A top sales producer is an “A Player” and usually represents the top 5-20% of any sales organization. The challenge, of course, is interviewing ten sales candidates and then being able to choose the top one or two. This is a difficult task because when we interview ten people, they may all look good to us.
Consider some of these facts:
- It is estimated that 60-70% of salespeople in the U.S. who are currently employed as salespeople, should not be in selling. They simply do not have the necessary “right Sales Success Profile” to be successful salespeople.
- In the majority of sales organizations, the 20/80 rule exists – meaning that 20% of the sales force generates 80% of a company’s sales.
- The majority of people do not have a good opinion of the average salesperson. Some typical adjectives we hear are that salespeople are “pushy,” “do not seem to care,” “are only after my money,” etc.
There have been many books, articles, and seminars presented over the years which reflect on the characteristics of top sales producers. One of the best presentations comes from a book, The Successful Salesperson by David Mayer and Herbert Greenberg. In this book, after many years of research, the authors found that the highest performing salespeople must have two basic qualities: empathy and ego drive.
- Empathy – this is the natural ability for the salesperson to feel for the customer; to really understand the customer’s situation; to “feel their pain.” When a salesperson demonstrates empathy, the customer develops a sense of trust in the salesperson, the quality of communication increases, and the persuasion process is accentuated.
- Ego drive – the second basic quality absolutely needed by a great salesperson is ego drive. Ego drive is the need to conquer, the need to win, the need to have personal conquests for self-fulfillment – not necessarily for the money.
The key, of course, is to have the proper balance of both of these characteristics as shown in this chart representing four different people in a sales force. It should be noted that possessing these two qualities transcends all industries from selling insurance to sophisticated software programs. This point explains why “raw sales talent” will usually beat “industry experience.”
| Bill |
High Ego Drive
|An “A player” (top 5 to 20%) -- has the ego drive to overcome adversity and also possesses the empathy to build and maintain trust with prospects and customers|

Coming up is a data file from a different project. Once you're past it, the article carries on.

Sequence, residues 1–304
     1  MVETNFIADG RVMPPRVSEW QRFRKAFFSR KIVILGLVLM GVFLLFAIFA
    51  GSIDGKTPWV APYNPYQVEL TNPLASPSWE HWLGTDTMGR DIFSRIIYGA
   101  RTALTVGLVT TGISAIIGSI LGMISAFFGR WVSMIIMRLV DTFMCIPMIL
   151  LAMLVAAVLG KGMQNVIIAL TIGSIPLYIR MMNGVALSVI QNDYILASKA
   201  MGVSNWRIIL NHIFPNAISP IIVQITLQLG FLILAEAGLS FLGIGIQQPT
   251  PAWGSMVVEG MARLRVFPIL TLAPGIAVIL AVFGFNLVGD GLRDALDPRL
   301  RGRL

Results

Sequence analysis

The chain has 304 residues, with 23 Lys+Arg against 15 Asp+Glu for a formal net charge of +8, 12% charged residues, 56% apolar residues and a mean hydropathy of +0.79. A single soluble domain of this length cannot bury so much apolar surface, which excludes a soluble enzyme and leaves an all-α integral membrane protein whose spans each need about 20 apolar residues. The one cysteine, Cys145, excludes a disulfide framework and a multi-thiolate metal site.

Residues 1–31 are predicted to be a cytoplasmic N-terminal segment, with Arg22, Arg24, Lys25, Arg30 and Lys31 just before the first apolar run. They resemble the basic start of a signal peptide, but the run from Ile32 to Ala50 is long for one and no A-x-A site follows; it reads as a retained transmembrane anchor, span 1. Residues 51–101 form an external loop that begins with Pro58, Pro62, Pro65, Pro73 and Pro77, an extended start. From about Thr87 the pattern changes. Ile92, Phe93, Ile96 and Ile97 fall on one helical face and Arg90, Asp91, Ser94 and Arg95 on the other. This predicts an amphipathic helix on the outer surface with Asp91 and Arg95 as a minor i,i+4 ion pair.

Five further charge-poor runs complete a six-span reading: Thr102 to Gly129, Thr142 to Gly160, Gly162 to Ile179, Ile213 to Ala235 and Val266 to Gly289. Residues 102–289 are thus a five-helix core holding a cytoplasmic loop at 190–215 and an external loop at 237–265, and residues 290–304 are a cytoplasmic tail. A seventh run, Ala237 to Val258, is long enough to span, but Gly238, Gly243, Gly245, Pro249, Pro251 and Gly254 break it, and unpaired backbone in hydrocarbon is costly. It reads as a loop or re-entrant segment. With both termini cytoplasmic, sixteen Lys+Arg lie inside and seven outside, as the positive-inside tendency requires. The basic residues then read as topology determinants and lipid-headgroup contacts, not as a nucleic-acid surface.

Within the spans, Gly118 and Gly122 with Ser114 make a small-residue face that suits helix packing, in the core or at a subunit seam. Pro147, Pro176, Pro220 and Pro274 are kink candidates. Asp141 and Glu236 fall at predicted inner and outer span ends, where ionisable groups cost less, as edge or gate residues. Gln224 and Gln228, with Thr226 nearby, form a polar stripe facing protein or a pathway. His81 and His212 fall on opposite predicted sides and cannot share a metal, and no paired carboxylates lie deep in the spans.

| Susan |
Low Ego Drive
|Never gets out of the gate to prospect; her low ego drive does not give her the motivation to win new business. Her empathy skills are good, but are wasted because she does not see enough prospects (could be a good customer service representative).|
| Paul |
High Ego Drive
|Unfortunately many poor impressions are created by this type of person because they want to drive and fulfill their ego but lack the sensitivity skills to deal with people (this person would be perceived as a “high pressure” salesperson).|
| Karen |
Low Ego Drive
|This may be a very talented person but she is not cut out for sales because she lacks both ego drive and empathy.|
In the book Top Grading, Bradford Smart studied people and their behaviors to determine how people can change. This is very significant in the hiring process because when hiring a salesperson you are really looking to hire three basic sets of skills:
- Self-motivation and discipline
- Good communication and customer skills
- Product knowledge
The following chart diagrams a selection of skills to change and categorizes them into three groups: 1) Relatively Easy to Change, 2) Harder but Doable, 3) Very Difficult to Change
|Relatively Easy to Change||Harder But Doable||Very Difficult to Change|
| || || |
Source: Top Grading by Bradford Smart
If we analyze the attributes in Column 3-Very Difficult to Change, we find 11 key skills that are critical for a salesperson to have in order to be a top performer (top 5-20%) or an “A Player.”
There are a number of reasons that true solutions salespeople are hard to find. First, the solution salesperson has to really put the customer first and concentrate on their needs versus the salesperson’s need to make a sale. Second, the solution salesperson needs to be a disciplined, analytical thinker in order to ask the right questions and then be able to provide workable solutions that meet the prospect’s needs and budget. When a solution value salesperson provides the right solutions, the prospect will end up buying. In addition, top sales producers are very tenacious.
What Top Salespeople Do…
Top salespeople, according to a study of 500 sales calls made in 24 industries, do the following:
- They get the prospect involved in the conversation early, late, and often
- They uncover the prospect’s needs before mentioning a product or service
- They acknowledge and support the prospect’s comments twice as often as mediocre performers. They also ask 25% more open-ended questions
- They turn around prospect’s negative attitudes. Successful sales calls contain almost 50% more objections than unsuccessful sales calls
As professional salespeople we are essentially “problem solvers.” The top sales producers don’t even “act” like salespeople because they are truly problem solvers and are able to form good solid relationships with their customers whereby they become “partners” and trusted advisors by solving problems as a team.